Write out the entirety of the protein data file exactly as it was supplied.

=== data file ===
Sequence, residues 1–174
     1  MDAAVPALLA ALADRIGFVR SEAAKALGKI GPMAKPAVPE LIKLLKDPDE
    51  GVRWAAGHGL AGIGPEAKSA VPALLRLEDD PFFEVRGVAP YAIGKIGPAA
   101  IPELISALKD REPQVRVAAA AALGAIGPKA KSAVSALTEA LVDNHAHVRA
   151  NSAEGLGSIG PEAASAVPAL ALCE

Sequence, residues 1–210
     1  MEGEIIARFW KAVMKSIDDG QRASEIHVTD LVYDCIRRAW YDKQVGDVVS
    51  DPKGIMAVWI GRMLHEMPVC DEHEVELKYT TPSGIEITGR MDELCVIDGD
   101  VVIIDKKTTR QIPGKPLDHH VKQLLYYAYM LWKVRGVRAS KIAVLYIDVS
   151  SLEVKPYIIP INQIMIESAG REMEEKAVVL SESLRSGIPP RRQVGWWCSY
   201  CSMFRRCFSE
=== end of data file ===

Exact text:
Sequence, residues 1–174
     1  MDAAVPALLA ALADRIGFVR SEAAKALGKI GPMAKPAVPE LIKLLKDPDE
    51  GVRWAAGHGL AGIGPEAKSA VPALLRLEDD PFFEVRGVAP YAIGKIGPAA
   101  IPELISALKD REPQVRVAAA AALGAIGPKA KSAVSALTEA LVDNHAHVRA
   151  NSAEGLGSIG PEAASAVPAL ALCE

Sequence, residues 1–210
     1  MEGEIIARFW KAVMKSIDDG QRASEIHVTD LVYDCIRRAW YDKQVGDVVS
    51  DPKGIMAVWI GRMLHEMPVC DEHEVELKYT TPSGIEITGR MDELCVIDGD
   101  VVIIDKKTTR QIPGKPLDHH VKQLLYYAYM LWKVRGVRAS KIAVLYIDVS
   151  SLEVKPYIIP INQIMIESAG REMEEKAVVL SESLRSGIPP RRQVGWWCSY
   201  CSMFRRCFSE